News Release


DATE: November 15, 2000

CONTACT STEVE SCHMIDT AT 619-531-4766 or 619-206-9108


Board of Supervisors Meet With Mexican Officials To Face Down a Longstanding Danger

SAN DIEGO - Refusing to stand idly by as many underage San Diego youth attempt to drive home after a night of drinking in Mexico, Chairwoman Dianne Jacob and Supervisor Greg Cox took a stand this morning to raise public awareness and to continue cross border relations at the third annual Cross Border Forum on Underage Drinking in Mexico. Mexican officials sat side-by-side with the Supervisors, demonstrating a continued binational effort to end drinking and driving on the border.

We will not tolerate this deadly party parade across our border any longer, said Supervisor Greg Cox. We will continue to educate and collaborate until young people understand that drinking and driving is a crime and a danger regardless of whether one drinks in the U.S. or Mexico. I am thrilled that we have received such support from Mexico in our effort to bring the message home.

We must continue to work together to educate our youth, parents, schools and businesses that underage drinking is not a"rite of passage" but a very risky game that all too often ends in the death of family and friends, said Chairwoman Jacob.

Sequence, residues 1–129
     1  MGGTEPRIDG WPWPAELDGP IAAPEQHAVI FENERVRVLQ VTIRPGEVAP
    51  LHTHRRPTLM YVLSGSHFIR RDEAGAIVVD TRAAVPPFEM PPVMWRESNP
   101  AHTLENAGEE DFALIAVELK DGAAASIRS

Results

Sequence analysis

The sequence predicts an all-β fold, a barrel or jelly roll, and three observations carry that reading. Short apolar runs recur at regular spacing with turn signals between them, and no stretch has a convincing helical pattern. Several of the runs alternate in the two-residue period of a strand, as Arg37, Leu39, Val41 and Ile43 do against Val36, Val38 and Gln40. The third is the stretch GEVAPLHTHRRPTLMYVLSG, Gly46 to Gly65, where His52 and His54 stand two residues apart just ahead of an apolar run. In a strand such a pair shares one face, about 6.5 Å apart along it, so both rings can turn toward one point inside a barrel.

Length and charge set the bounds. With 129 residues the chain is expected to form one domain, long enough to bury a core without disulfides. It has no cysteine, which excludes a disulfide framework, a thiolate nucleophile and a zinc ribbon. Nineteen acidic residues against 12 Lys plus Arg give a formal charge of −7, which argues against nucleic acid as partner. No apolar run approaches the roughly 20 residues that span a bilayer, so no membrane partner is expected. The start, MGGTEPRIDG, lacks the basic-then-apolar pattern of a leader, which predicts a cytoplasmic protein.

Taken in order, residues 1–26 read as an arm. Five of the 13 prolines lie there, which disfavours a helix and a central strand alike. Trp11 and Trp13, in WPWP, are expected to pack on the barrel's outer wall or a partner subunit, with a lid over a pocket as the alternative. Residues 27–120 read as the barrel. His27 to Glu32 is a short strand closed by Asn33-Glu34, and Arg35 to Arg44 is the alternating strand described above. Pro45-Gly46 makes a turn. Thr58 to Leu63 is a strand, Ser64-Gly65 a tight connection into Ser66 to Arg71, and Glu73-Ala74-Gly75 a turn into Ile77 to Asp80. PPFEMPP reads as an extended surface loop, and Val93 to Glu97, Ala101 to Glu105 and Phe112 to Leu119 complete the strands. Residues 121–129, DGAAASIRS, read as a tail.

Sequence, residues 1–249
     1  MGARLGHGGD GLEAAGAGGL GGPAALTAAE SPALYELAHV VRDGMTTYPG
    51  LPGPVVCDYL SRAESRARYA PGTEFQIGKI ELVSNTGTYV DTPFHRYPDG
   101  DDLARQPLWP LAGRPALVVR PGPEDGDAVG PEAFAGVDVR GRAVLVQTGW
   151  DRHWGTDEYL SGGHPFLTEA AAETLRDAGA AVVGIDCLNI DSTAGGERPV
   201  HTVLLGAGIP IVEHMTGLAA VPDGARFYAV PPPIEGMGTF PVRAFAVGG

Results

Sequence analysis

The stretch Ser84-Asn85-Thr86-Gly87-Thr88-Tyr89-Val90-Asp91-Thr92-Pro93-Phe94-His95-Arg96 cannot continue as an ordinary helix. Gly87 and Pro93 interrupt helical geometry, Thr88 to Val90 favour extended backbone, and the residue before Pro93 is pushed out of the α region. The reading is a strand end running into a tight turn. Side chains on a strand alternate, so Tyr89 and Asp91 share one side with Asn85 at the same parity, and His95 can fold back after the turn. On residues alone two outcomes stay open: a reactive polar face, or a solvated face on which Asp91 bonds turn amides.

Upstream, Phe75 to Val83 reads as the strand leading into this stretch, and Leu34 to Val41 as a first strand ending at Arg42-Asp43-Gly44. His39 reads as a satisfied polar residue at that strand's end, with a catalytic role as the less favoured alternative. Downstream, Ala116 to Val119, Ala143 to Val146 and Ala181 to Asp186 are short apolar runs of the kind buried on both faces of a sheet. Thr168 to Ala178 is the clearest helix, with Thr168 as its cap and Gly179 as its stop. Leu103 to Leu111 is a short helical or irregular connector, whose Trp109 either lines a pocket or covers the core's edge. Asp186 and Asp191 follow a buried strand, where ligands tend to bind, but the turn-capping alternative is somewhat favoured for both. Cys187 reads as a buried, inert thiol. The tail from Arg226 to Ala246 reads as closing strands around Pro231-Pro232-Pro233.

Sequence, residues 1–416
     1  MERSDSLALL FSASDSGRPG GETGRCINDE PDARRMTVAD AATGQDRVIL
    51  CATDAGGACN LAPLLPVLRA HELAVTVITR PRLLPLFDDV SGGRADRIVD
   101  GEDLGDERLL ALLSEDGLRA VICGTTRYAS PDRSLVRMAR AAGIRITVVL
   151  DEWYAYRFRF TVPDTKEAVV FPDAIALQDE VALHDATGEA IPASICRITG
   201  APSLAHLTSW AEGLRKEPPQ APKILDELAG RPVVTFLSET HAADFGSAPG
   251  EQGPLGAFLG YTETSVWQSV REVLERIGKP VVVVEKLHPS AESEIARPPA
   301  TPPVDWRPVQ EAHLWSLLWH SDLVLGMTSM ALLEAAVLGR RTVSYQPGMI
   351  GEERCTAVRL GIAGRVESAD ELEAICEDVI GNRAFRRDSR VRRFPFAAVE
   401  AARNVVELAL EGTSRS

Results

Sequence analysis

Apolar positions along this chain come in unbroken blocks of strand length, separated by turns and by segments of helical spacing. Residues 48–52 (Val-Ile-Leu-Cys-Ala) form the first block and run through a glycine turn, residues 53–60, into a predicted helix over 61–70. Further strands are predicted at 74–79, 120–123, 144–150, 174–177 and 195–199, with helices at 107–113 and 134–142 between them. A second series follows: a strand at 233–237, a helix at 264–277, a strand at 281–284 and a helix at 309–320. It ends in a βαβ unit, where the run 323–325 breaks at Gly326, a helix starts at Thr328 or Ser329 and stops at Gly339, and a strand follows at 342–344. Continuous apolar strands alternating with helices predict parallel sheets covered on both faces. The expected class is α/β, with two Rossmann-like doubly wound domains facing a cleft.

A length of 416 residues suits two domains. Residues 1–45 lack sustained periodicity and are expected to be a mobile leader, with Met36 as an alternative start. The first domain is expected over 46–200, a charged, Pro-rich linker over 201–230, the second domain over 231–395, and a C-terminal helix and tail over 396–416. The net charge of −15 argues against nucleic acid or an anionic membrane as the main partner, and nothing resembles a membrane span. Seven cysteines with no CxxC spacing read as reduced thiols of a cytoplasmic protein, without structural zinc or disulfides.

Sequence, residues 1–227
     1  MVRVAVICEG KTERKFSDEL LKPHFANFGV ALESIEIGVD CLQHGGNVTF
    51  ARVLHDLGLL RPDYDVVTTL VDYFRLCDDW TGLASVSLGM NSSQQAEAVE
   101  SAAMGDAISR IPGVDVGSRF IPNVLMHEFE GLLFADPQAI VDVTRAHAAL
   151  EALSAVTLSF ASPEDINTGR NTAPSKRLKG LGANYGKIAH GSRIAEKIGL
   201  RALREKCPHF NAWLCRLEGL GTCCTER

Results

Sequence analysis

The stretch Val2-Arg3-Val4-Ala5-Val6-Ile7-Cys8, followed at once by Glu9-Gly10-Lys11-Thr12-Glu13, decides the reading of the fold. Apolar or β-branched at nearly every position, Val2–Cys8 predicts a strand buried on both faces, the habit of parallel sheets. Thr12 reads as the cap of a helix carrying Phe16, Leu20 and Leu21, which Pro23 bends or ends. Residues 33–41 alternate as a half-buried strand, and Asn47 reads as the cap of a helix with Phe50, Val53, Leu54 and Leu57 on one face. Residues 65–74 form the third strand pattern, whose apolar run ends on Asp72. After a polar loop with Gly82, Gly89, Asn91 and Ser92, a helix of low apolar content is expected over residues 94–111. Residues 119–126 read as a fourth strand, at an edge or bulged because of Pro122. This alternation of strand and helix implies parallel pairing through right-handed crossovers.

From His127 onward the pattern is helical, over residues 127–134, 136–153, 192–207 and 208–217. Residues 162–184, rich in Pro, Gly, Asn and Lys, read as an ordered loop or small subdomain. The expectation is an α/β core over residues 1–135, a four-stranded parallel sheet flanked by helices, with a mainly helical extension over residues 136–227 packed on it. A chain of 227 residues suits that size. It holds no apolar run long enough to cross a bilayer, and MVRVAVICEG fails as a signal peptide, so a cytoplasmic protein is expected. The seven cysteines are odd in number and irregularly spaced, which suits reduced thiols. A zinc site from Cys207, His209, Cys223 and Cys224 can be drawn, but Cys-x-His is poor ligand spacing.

The recent death of CHP officer Sean Nava at the hands of a drunk underage driver returning to the U.S. after a night in Tijuana highlights the need for a comprehensive community strategy to address the problem. Since 1998, the County of San Diego has worked in partnership with law enforcement, community organizations, business leaders and officials from both sides of the border in an ongoing effort to eliminate the practice of underage kids driving drunk after returning home from a night of drinking in Tijuana. There are programs designed to get drunks off the road after crossing into the U.S., Operation Safe Crossing and Operation Stop-N-Bust have resulted in a significant reduction of this destructive behavior.

Studies by the Institute for Public Strategies, a non-profit agency that focuses on alcohol and drug prevention, show that between 5,000 and 8,000 people cross the border every weekend night and approximately 1,400 return with an alcohol level above the legal drinking limit. Nearly 500 of them will drive home drunk